Across the pond, the British are subjected to an Iraq War Inquiry -- sort of a South African-style reconciliation auto-de-fe seeking political and cultural vengeance for former Prime Minister Tony Blair's decision to join with America in the invasion of Iraq in 2003. Diplomats, generals, soldiers, and politicians have entered the chamber to criticize or justify doing what was obviously the right thing for a close ally to do: join the U.S. to usurp Saddam Hussein and engage jihadists on the ground in the wake of 9-11.

In the midst of the political posturing is the elephant in the room: the "special relationship" between the two English-speaking nations since the War of 1812. There have been some notable setbacks: the Suez conflict of 1956, when the U.S. withdrew support from the U.K. and Israel, and America's reluctance to back the U.K. in the Falklands War of 1982 come to mind. But for the long haul, the U.S. and the U.K. have been allies. World War I solidified the relationship when U.S. troops were shipped "Over There" to fight the Hun on behalf of Britain and France. In World War II, the U.S. went back over, and the special relationship flourished during the Cold War against Soviet Russia and the attendant political warfare by the KGB.

As Cambridge don Christopher Andrew, the dean of intelligence scholarship, reveals in Defend the Realm, his recently published and unprecedented authorized history of Britain's counterintelligence security service, wartime Prime Minister Winston Churchill allowed American leaders access to Ultra, the biggest secret of the 20th century. The Brits, at war with Germany in 1939, broke the allegedly unbreakable Enigma code in 1940, allowing them to survive until the U.S. entered the war in late 1941. Ultra intelligence assured the success of the Normandy landings and played a key role in hundreds of military and intelligence operations during the conflict.

And the U.S. reciprocated at the beginning of the Cold War in 1945 by allowing the British access to Venona, the second big secret of the century, composed of intercepted and decrypted cables from Moscow to its agents abroad, including two hundred or more spies burrowed in every department of the Roosevelt wartime government. The Venona project was so secret that the head of the newly formed CIA and President Harry Truman were excluded. But not the Brits, even though the U.S. -- most notably in the person of FBI director J. Edgar Hoover -- was leery of Britain's loose vetting of many of their intelligence officers.

This turned out to an accurate appraisal after the discovery that the infamous Cambridge Moles were passing Venona material to Moscow. First, Guy Burgess and Donald McLean fled to Russia in 1951. But not until 1963 was the most notorious of the Cambridge ring unmasked: the suave Kim Philby, who served as British intelligence liaison with the U.S. and allowed access to the most explosive secrets gleaned from Venona, including the names of several atomic spies working for the Soviets. The fourth member of the ring, Anthony Blunt, was caught later in the decade but allowed to continue in his role as Surveyor of the Queen's Pictures until he was exposed in 1978. The fifth mole, John Cairncross, after several false accusations against innocent British intelligence officers, was identified in 1990 by Soviet defector and KGB colonel Oleg Gordeivsky in collaboration with Chris Andrew in their book KGB: The Inside Story.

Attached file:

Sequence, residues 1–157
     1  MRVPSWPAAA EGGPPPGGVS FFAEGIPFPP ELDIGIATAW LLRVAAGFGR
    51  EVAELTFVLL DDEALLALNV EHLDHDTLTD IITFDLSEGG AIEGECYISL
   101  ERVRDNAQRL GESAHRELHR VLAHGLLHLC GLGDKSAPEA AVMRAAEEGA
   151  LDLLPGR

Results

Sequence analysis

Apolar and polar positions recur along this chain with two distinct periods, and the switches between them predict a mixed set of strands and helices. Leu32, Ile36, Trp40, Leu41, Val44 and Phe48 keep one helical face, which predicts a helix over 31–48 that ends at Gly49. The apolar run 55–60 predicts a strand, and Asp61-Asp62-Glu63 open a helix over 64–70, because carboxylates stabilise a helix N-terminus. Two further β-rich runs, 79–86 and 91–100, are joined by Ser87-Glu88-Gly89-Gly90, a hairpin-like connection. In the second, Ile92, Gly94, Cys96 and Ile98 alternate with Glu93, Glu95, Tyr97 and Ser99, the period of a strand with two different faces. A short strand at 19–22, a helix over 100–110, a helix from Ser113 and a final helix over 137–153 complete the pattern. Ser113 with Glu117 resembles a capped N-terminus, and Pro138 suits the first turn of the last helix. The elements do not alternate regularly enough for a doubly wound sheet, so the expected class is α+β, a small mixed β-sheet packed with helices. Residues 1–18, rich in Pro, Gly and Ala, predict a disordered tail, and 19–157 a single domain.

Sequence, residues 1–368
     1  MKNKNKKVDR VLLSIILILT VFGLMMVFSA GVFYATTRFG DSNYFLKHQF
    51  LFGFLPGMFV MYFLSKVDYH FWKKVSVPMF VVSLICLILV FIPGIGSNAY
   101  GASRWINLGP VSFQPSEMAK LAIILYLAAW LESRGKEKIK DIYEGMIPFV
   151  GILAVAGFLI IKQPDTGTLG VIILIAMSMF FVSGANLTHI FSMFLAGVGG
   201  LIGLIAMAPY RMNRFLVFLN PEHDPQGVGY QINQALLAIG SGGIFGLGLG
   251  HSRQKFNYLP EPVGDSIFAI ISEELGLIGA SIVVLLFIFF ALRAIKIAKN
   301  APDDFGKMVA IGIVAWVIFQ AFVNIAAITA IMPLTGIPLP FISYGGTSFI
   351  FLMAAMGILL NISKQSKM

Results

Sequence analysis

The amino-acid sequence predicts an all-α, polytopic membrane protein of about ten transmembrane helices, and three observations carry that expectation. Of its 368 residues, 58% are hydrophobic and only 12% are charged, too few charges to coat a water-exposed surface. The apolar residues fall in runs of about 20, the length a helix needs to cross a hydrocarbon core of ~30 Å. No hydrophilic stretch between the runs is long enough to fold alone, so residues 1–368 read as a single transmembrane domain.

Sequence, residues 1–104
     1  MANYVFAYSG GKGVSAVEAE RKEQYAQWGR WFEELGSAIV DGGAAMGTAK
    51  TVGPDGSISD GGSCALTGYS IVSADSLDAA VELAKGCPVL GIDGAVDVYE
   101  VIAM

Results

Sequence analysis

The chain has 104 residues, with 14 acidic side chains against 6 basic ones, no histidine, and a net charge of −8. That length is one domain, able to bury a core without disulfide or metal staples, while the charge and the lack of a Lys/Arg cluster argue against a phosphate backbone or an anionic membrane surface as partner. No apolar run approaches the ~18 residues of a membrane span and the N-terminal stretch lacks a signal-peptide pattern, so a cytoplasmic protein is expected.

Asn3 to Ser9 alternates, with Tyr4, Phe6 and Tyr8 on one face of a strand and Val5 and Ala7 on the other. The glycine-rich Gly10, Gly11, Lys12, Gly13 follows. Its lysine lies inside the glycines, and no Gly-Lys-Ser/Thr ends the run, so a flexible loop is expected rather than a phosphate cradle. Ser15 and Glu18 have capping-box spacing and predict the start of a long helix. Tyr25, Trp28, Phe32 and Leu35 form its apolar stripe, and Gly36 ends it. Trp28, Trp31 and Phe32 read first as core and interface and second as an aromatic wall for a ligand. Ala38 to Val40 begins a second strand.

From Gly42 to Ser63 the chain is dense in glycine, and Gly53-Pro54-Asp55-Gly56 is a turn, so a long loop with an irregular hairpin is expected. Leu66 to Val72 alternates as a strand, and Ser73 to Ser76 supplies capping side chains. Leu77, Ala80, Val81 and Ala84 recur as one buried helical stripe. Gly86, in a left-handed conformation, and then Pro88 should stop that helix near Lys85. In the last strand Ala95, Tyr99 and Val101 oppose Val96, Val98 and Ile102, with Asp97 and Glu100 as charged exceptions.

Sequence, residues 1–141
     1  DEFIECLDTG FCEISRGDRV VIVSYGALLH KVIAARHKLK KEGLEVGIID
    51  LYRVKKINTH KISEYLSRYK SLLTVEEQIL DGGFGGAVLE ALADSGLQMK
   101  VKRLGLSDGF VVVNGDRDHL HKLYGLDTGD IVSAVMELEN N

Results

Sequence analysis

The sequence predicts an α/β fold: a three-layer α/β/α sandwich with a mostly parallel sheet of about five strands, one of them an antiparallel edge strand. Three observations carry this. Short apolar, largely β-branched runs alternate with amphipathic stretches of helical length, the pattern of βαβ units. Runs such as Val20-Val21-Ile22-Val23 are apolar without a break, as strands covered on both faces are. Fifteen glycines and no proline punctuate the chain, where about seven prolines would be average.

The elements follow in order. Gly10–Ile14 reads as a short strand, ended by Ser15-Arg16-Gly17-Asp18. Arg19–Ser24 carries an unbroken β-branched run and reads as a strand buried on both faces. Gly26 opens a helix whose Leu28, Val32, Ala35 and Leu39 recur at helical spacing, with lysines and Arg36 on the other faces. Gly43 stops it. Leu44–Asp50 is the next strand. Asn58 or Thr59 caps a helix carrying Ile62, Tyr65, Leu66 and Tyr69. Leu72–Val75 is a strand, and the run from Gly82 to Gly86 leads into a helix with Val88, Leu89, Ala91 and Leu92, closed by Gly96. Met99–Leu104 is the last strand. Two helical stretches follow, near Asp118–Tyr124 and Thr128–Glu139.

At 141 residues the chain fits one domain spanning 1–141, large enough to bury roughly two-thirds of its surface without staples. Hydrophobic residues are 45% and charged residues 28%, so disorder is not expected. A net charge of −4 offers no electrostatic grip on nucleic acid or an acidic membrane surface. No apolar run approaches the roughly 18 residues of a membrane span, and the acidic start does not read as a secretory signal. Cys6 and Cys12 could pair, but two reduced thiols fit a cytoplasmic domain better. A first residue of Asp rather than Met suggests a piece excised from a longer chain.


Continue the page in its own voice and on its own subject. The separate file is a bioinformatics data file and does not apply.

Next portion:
Thus the Special Relationship has been far more special than previously known in light of the revelation of Ultra in 1975 and Venona in 1995. The Americans and the Brits are joined at the hip via a common language and culture -- from Shakespeare, literature, poetry, films, and theatre -- and an addiction to the British royal family. Add in serving as allies in two world wars, Korea, and Vietnam; the sharing of atomic secrets; the displacement of U.S. warheads on U.K. soil; and the reality that the largest overseas investor in America is the U.K. But sharing the most heavily guarded secrets in modern history elevates the kinship to a plane unprecedented in global relations.

So what happened to drive a wedge between two great friends over a justifiable and honorable war? One factor is the role of European Union malaise, defined as it is by world socialist zeitgeist. The EU effort to pull Britain away from the special relationship with America is relentless. After all, the driving force behind the expansion of the European Common Market to create the EU was hatched by jealousy of the power and size of the American economy. While the U.K. has joined the community, it has not integrated fully with monetary union (the pound remains the currency of U.K., and not the euro) and a referendum to approve the latest EU Constitution continues to be postponed. Savvy Brits know better than to subsume their sovereignty into what is fundamentally a version of the USSR. And the EU knows that it needs to wean the U.K. away from America to accomplish its goals to outweigh U.S. trading and manufacturing wealth.

There is another possible factor instigating anti-American feeling in the U.K. against alliance with America as personified in the Iraq War Inquiry. A half-century of KGB propaganda has had its effect worldwide. Hatred of America is expressed today as it was with the formation of the Communist International, created n Moscow in 1922 to foment world revolution in order to form a global union of soviet socialist republics. The propaganda machinery created then, and carried out until the collapse of the USSR in 1991 by the KGB's "active measures" against Western democracies, has ingrained revulsion of the U.S. for its role as the bastion of freedom against the promises of utopian communism. The socialist cadres in Britain are famously vocal and, like most leftists, impervious to reality and common sense. The Inquiry is another opportunity for them to push their manifestos.

As is the case with fringe political angst, the Inquiry is Monty Python-like and humorously pathetic. It serves no useful purpose except to bang the same drum echoing across the Atlantic from the U.S., where the Left never ceases in its criticism of the Iraq War.

Bernie Reeves is editor and publisher of Raleigh Metro Magazine.